Team at TurnCommerce unveils new domain name registrar with tools for domainers.
What would happen if a large domain name investor created a domain registrar from the bottom up?
The result would look like NameBright.com.
NameBright.com is a new domain name registrar created by the team at TurnCommerce, one of the largest domain portfolio holders with over 1 million domain names. The registrar has the potential to attract some of the top domain investors that require tools such as account delegation and portfolio management, as well as smaller domain investors looking for a simple user interface and low pricing.
I’ve been test driving the registrar over the past couple weeks to get a handle on its key features and to see how it could win over domainers.
Price is, no doubt, a top concern among domainers.
Standard pricing at NameBright for .com domains is $8.53, which the registrar considers to be “at cost” when you take into account credit card processing fees. If you prepay by check, you can register .com domains for only $8.03 and .net for $6.55, which is NameBright’s actual cost paid to Verisign and ICANN. Given the overhead NameBright carries (and that anyone who runs a registrar carries), this is a really good deal.
The company hopes to make money through the sale of additional products.
Whois privacy is free for the first year and $2.95 after that. You can also pay $9.95 per year to upgrade your domain and get additional features.
Respondents to the Domain Name Wire survey last year said that security was their top concern when selecting a domain name registrar.
NameBright offers optional two-factor authentication, a must for any domain name registrar. When you log in to the site, you’ll be asked to submit an additional one time code that is sent via text message to your phone. The two-factor implementation is very similar to that of GoDaddy.
The registrar also tracks every change made to a domain name. This is something fairly unique. For example, here’s my change log for a test domain I registered, TestingItout12.com:
The registrar offers additional security controls when it comes to user delegation…
Most domainers manage their own domain name portfolios. But when you get up to the 10,000, 100,000, or more mark, many domainers have a team that helps manage the portfolio.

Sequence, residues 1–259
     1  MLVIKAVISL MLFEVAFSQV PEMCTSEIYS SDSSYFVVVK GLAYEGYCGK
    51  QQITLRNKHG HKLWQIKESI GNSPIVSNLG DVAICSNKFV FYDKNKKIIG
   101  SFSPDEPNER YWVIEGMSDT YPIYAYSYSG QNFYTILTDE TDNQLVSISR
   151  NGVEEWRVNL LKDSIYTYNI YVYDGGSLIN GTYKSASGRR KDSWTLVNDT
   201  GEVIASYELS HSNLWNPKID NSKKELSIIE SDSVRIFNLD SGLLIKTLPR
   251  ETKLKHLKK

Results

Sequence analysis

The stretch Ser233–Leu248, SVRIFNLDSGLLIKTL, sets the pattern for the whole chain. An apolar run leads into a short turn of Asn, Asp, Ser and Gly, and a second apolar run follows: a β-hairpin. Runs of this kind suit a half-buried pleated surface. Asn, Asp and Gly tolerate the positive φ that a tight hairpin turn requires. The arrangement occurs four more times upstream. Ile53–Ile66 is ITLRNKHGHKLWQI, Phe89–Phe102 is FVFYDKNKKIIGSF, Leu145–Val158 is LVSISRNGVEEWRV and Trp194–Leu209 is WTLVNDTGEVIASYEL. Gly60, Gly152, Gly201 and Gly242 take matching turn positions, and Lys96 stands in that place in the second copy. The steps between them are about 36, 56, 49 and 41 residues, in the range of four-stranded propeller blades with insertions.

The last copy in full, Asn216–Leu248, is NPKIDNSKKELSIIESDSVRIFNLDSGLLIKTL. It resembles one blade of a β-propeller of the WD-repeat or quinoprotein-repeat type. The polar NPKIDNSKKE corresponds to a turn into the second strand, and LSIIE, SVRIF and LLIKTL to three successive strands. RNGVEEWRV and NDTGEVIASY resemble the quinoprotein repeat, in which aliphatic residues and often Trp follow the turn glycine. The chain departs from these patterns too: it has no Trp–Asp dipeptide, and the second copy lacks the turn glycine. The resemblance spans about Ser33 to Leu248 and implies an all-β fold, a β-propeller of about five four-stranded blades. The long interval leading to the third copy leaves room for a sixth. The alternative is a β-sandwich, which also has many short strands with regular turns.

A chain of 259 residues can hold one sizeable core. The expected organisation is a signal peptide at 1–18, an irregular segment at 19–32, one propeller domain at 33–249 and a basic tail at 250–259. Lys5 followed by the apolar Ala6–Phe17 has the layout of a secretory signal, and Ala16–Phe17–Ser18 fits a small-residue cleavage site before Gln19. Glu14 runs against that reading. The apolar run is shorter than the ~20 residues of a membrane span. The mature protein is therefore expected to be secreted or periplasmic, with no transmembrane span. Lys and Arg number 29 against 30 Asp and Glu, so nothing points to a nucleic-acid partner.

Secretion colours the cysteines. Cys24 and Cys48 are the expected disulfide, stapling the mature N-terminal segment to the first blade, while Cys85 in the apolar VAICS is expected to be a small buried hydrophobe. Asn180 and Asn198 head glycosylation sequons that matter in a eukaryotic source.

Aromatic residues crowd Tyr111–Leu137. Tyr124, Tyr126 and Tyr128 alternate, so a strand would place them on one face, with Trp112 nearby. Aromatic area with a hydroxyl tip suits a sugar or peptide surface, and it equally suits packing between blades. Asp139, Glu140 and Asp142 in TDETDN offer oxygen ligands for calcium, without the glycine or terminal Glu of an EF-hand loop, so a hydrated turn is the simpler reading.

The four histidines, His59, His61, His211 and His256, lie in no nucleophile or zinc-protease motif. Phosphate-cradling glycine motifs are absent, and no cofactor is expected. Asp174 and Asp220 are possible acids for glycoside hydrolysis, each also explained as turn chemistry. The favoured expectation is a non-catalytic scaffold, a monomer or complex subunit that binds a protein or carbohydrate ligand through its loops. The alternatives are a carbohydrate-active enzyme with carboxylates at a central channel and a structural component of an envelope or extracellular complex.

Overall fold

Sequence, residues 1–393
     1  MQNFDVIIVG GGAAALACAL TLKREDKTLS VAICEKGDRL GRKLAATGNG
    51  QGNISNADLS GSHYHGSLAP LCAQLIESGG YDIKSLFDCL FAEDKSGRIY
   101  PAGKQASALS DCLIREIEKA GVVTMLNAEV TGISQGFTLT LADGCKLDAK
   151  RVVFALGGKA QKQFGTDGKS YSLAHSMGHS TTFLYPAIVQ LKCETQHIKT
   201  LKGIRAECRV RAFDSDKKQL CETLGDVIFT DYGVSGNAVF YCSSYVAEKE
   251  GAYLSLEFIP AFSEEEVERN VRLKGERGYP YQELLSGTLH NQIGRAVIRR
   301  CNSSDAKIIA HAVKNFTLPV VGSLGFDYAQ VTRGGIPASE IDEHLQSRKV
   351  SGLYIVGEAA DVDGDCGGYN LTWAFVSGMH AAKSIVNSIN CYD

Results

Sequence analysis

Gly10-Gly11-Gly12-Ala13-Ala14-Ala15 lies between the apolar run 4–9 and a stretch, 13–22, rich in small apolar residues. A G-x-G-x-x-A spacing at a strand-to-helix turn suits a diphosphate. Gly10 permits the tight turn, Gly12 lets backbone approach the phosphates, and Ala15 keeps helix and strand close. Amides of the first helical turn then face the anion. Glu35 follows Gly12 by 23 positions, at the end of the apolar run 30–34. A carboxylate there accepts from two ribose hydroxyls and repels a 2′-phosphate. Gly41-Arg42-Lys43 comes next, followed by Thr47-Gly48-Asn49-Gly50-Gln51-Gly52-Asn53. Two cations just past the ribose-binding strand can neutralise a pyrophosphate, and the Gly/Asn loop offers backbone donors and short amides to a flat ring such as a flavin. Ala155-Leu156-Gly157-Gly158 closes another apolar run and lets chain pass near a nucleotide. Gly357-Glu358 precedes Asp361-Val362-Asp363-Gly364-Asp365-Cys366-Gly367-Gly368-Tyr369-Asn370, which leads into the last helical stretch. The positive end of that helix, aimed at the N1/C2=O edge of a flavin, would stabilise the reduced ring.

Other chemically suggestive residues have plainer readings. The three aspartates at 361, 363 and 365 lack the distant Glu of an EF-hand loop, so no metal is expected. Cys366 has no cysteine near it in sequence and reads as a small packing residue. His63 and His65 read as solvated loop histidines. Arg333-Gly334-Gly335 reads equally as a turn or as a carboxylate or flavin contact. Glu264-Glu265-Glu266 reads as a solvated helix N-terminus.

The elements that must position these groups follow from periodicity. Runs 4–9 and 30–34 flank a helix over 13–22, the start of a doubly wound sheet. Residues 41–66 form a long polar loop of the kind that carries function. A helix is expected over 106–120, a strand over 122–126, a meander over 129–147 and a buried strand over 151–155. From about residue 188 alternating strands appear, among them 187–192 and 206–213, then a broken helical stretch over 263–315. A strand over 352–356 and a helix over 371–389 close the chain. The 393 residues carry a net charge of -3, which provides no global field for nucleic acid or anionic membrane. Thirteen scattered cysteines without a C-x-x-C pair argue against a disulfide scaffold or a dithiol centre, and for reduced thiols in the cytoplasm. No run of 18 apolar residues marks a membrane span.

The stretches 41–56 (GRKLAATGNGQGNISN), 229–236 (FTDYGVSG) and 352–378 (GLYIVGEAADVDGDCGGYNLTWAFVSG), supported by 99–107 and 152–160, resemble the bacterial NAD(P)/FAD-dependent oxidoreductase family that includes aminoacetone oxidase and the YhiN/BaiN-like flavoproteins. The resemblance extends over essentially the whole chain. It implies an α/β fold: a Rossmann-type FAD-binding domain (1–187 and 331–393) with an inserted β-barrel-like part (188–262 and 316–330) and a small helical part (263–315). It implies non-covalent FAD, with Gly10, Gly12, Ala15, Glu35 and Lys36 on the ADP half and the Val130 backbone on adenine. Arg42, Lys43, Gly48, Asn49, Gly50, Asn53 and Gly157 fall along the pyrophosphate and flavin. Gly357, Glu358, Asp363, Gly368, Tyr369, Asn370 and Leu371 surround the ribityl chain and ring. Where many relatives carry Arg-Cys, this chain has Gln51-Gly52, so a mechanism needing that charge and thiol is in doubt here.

NameBright really shines in this area, and its user controls are something that will set it apart.
Domainers can create Linked Accounts with other users. These linked users have very granular controls on what they can do. For example, you can allow them to initiate inbound transfers but not outbound transfers. You can allow them to renew domains, change nameservers, and change forwarding — or disallow any of these things.
I mentioned earlier that one way NameBright hopes to make money is by selling add-on features. One service is called Upgraded Domain. For $9.95 per year, an Upgraded Domain gets unlimited domain history and whois counts (vs. 30 days on a regular domain), DNS firewall, a brand protection monitor, and a few other goodies. It also includes custom whois text so you can include your own message in whois, like this:
It seems like a good option for some types of customers, although the price is prohibitive for large portfolio holders.
Other Domainer Features
Here are some other domainer-friendly features NameBright offers:
– “Portfolios” for easier management of domains
– Fast domain changes, such as changing forwarding on domains for an entire portfolio at once
– Whois counters to see how many times people search your domains in whois
– Email management for domain name portfolios and category-based email accounts
There are several other unique features explained here.
Can NameBright compete?
Domain name registration is a low margin business dominated by a handful of incumbent registrars. Is there room for NameBright to compete?
I remember speaking to a registrar a few years ago that had tried to attract the domainer audience and found it challenging. They told me that domain investors were a bit more loyal to registrars than they thought. And once you get a domainer on board, they also prove to be quite demanding.
Yet that registrar wasn’t actually built by a domain investor, and they were competing mostly on price. I agree that if you’re just trying to undercut the competition by a few dimes you’ll have a hard time attracting business.
That NameBright was built from the ground up over five years by a large portfolio holder means it has a lot of the features that domainers will appreciate. Some of them are rather innovative and should appeal to a segment of the market.